Sunday, February 25, 2007
I've been pretty depressed the last few days. When I get that low, it's difficult for me to write. I wanted to share with you something that has given me a lot of pleasure, even on seemingly pleasureless days.
I have always been a lover of the arts, especially graphic arts. Unfortunately, I seemed to have been left out of that particular pool of creative talent. I wanted to draw, paint, or sculpt, but I wasn't able to. My appreciation for people who have those talents has grown as my exposure to wonderful artists has grown.
Still, I have had a desire to express myself creatively. Whenever my wife and I would travel, we would see some of God's awesome handiwork, and I would say, "You know, if I had a good camera, I could take an award-winning photo." She would just smile. This has gone on for years and years.
Then in December of 2005, I had a financial serendipity, and I took that opportunity to purchase my first (only) digital camera. I didn't' spend a lot. The Internet purchase price was only about $250. Then I spent another $50 on photo editing software. At last, I had the tools to be creative.
It didn't take me long to read everything that the library had to offer on photography. I devoured magazines and surfed many of the websites available. As my knowledge grew, so did my enthusiasm for photography. I had delusions of grandeur.
One day, I received notice from a competition website that I had won an award. I couldn't wait to tell Teresa, "I've taken an award-winning photograph." Again the smile. I actually believe that she thought it was a fluke. Then a second award came my way, and others. I waived those award notices under her nose and beat her into submission with my success. "HA!!! and HA!! again, I said." Finally, I had someone to validate my efforts and creative vision.
I once worked with a preacher who said, "He that tooteth not his own horn, never gets tooted." That's not my intent. What I wanted to demonstrate is that people who are depressed are still capable of getting outside of themselves. We can be freed from our gray world, even if only for minutes or hours. I discovered that I could and would go on a photography "safari", even when depressed. Photography got me out of bed and out of the house. When I was unable to speak to people, I could still speak to the camera.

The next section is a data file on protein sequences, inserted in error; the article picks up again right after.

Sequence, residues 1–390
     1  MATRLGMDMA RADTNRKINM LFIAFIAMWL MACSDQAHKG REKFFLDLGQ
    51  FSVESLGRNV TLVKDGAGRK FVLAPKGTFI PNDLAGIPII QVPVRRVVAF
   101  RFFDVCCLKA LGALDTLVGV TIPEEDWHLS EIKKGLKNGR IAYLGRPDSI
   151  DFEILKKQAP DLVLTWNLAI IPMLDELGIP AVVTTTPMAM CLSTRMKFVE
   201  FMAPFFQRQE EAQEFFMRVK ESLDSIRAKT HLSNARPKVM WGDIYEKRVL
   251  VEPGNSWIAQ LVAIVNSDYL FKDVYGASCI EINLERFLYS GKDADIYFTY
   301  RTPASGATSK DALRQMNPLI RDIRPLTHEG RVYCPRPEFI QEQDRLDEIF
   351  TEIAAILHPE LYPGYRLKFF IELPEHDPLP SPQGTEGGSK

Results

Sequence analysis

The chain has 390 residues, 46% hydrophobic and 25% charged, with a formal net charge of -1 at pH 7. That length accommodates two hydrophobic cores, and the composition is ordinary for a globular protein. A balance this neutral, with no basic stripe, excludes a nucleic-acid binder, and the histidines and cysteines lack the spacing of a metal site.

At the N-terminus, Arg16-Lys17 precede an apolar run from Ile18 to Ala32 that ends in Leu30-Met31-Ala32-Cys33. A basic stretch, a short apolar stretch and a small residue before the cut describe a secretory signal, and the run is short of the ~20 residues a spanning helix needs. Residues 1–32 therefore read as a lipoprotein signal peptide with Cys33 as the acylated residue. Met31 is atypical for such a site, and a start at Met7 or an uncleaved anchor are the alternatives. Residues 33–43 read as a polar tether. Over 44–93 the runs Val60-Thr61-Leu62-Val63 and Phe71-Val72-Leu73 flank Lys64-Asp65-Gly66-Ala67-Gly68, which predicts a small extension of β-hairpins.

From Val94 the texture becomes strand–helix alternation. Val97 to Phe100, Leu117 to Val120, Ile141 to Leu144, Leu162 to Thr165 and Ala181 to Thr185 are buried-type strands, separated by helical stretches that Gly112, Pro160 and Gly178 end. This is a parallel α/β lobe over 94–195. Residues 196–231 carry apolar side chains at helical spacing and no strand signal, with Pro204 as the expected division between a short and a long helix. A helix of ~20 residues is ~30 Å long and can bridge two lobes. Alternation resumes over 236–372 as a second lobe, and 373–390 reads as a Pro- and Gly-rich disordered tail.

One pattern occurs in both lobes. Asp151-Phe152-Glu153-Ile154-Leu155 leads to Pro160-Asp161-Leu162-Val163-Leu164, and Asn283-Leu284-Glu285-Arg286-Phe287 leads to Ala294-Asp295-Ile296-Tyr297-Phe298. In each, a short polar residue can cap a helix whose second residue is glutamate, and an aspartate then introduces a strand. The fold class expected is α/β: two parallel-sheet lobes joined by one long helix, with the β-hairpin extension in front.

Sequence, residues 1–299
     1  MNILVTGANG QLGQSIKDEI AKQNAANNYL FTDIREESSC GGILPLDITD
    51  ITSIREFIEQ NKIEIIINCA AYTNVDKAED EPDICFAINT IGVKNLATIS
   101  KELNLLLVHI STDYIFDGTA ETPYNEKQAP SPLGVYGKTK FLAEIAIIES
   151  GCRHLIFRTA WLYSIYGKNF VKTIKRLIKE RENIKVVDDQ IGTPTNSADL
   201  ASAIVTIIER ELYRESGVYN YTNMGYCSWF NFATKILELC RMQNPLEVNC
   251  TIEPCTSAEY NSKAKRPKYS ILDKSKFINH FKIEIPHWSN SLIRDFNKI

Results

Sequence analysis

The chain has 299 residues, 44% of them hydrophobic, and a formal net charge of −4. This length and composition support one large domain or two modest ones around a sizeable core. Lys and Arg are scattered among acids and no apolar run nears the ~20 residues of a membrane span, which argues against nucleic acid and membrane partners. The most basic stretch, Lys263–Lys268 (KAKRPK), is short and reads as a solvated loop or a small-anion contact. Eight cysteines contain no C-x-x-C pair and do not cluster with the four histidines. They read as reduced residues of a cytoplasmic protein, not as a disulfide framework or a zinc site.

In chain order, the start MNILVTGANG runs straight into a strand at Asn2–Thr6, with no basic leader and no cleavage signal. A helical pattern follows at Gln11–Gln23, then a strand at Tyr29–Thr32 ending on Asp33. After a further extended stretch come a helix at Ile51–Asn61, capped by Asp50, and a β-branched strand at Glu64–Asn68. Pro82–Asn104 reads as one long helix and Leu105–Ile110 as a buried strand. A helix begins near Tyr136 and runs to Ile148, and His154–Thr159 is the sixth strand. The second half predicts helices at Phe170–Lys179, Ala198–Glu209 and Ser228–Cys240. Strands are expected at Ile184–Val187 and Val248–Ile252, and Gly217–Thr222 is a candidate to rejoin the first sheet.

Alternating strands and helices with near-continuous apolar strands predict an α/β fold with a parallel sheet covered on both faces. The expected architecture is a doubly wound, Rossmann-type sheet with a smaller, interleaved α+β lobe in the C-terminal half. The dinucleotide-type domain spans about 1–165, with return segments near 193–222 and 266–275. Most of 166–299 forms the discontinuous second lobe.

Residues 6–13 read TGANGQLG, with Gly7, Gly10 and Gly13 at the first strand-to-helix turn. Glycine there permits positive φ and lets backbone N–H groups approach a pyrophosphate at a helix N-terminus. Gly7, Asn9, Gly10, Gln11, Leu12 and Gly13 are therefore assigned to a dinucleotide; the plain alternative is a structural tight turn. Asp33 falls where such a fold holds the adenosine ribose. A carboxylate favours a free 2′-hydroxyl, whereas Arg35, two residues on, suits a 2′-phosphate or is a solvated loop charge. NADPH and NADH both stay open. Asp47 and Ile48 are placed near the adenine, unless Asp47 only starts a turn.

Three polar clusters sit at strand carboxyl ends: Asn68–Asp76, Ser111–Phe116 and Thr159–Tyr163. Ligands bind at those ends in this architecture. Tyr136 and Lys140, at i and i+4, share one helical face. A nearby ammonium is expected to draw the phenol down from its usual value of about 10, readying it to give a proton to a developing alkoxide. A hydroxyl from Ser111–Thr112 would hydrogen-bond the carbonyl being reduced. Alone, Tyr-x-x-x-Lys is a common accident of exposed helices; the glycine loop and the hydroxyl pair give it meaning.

Photography may not be an instrument of joy for you. Your enthusiasm may be for something else. I truly believe that finding an activity/hobby, that we are capable of continuing while we are ill, can be another important factor in our recovery. Even now, as the bitter cold releases its hold on Arkansas, I am beginning to dream of new heights to climb.
For those of you who are interested in Photography, let me share some of my findings. (1) A digital camera is a must. You can view your photos right away, and thin out the ones that are less than "award-winning (thousands)." (2) Buy some photo-editing software, such as Photoshop Elements. This can usually be bought for about $50 on the net. Editing will be an additional interest, almost as much fun as shooting photos. (3) Try a few of the competition sites. You will learn from the other photographers, and their critique will help you grow. I recommend DailyAwards.com. (4) At some point, you may want sell some of your better photos through a microstock agency. I've had pretty fair success on Fotolia.com. (5) Finally, take your camera with you everywhere. "If you don't tote it, you can't take it."
If you have already found your own Hobby Happiness, let the rest of us know. I would certainly be interested in your discoveries.
"A joyful heart makes a cheerful face (Proverbs 15:13)." As Alan Bryan used to say, "If we're happy, some of us need to notify our face."
I love and appreciate you all. Your encouragement means a lot to me.
["I'm so low I could do a ten minute free-fall off the edge of a dime."]